China on Thursday criticized Washington's expression of support for full democracy in Hong Kong as unwanted meddling, after U.S. Secretary of State Condoleezza Rice met with the territory's best known pro-democracy lawmaker. Hong Kong will eventually be able to directly elect its own chief executive, said Chinese Foreign Ministry spokesman Qin Gang, although he gave no timetable.
Activists in Hong Kong have been pressing for faster progress. The former British colony returned to Chinese rule in 1997 and retains many Western-style freedoms. But its leader is indirectly elected, and China has rejected calls to quickly allow full democracy. Martin Lee, a Hong Kong opposition leader denounced by China as a traitor for a previous trip abroad, met with Rice in Washington on Tuesday.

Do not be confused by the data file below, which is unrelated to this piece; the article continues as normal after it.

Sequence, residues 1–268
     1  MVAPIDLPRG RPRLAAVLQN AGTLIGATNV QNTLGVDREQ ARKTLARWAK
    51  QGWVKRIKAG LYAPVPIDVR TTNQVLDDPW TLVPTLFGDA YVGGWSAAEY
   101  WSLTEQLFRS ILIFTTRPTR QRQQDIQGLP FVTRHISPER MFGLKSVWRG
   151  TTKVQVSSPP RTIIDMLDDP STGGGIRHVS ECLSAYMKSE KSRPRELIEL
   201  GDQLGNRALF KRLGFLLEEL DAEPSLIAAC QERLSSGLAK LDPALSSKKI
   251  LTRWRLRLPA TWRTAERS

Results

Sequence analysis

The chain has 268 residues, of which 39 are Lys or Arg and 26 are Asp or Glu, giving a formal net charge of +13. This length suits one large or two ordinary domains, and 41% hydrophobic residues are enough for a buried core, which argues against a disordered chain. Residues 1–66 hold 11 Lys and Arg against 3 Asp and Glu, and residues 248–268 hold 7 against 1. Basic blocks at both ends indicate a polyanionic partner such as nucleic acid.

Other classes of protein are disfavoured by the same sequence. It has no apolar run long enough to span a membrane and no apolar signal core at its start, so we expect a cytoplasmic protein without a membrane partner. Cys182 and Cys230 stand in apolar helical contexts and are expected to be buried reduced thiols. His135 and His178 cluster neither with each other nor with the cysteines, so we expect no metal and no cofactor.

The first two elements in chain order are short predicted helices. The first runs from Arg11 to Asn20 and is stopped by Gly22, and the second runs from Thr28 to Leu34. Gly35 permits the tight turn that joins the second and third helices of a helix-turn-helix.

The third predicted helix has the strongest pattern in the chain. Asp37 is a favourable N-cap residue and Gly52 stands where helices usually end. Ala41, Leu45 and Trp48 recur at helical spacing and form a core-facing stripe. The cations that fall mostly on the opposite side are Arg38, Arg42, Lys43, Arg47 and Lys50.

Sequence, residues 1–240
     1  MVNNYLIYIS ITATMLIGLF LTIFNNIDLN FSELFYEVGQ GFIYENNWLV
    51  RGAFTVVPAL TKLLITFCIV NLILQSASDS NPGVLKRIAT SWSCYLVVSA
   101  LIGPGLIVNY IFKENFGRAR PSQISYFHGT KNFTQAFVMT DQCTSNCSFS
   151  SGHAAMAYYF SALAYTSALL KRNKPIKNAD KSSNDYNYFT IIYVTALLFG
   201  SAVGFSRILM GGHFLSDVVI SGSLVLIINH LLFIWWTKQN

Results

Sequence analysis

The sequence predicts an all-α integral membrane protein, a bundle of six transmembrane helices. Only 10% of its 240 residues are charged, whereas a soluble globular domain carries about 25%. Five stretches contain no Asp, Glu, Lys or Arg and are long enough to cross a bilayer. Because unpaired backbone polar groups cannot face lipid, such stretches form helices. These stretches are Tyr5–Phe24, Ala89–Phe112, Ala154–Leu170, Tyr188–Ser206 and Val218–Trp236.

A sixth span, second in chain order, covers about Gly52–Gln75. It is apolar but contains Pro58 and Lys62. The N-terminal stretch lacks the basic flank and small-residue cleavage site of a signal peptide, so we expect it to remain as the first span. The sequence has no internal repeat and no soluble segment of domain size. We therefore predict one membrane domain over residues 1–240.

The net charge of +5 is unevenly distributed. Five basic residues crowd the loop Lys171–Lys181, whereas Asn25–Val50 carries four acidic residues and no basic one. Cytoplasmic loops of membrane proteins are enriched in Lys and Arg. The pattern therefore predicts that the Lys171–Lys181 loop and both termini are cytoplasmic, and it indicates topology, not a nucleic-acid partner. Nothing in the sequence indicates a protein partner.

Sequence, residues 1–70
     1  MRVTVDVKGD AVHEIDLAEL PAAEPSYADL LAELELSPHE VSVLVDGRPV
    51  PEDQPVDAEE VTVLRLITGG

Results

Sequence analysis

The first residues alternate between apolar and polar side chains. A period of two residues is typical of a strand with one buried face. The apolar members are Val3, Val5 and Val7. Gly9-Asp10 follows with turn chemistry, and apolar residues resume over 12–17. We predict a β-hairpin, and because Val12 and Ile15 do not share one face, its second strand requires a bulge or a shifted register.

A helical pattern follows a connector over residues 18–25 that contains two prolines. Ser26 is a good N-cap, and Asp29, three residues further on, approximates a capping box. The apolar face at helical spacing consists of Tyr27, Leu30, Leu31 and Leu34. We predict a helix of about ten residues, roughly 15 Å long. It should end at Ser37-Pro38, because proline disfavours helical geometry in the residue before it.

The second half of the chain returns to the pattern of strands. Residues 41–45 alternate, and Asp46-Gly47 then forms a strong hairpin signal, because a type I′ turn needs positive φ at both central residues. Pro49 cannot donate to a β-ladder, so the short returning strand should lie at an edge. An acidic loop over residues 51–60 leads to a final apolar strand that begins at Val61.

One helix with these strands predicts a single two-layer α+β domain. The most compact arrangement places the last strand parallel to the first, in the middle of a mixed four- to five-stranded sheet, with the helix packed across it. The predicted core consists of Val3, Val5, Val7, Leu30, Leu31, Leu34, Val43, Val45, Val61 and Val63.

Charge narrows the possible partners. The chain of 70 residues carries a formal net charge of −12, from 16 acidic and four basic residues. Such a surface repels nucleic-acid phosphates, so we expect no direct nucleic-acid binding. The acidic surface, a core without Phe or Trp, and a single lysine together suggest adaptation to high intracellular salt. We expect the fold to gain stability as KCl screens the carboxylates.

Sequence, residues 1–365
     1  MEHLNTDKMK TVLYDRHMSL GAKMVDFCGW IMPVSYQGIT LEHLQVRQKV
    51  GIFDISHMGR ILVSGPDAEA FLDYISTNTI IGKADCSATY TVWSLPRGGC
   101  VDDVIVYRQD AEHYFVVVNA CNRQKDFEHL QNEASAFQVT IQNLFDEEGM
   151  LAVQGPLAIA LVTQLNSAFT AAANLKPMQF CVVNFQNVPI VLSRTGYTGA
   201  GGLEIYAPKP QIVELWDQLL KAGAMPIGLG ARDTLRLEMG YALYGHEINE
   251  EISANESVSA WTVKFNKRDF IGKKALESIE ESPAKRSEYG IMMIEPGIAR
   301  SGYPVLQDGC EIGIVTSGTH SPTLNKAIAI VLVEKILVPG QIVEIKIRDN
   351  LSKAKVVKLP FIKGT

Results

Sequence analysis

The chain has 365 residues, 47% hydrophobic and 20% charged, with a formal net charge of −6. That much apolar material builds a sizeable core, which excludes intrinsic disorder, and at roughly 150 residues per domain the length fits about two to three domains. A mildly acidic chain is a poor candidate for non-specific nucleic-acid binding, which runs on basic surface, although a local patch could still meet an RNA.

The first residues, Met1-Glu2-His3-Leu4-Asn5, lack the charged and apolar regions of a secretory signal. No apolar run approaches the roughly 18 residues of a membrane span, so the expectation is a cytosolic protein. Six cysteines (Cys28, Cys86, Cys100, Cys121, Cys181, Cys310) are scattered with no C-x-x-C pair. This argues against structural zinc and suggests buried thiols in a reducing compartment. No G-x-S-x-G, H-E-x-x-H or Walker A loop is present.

"The Hong Kong issue is China's internal affair, and we oppose any foreign intervention," Qin said at a regular news briefing.
Beijing supports "progressive development of (Hong Kong's) political system, which will in the end reach the goal of selecting the chief executive and lawmakers through general elections," Qin said. Beijing will also seek to create "positive conditions" for Hong Kong's political reforms, he added, without elaborating. U.S. State Department spokesman Sean McCormack said Rice "did underline our very strong support for democracy and universal suffrage in Hong Kong. ... The people of Hong Kong should determine the pace and scope of political reform."
Hong Kong's current leader was chosen by an 800-member committee partial to Beijing. Half of the 60 sitting lawmakers were elected, and the rest were picked by special interest groups, reports the AP. I.L.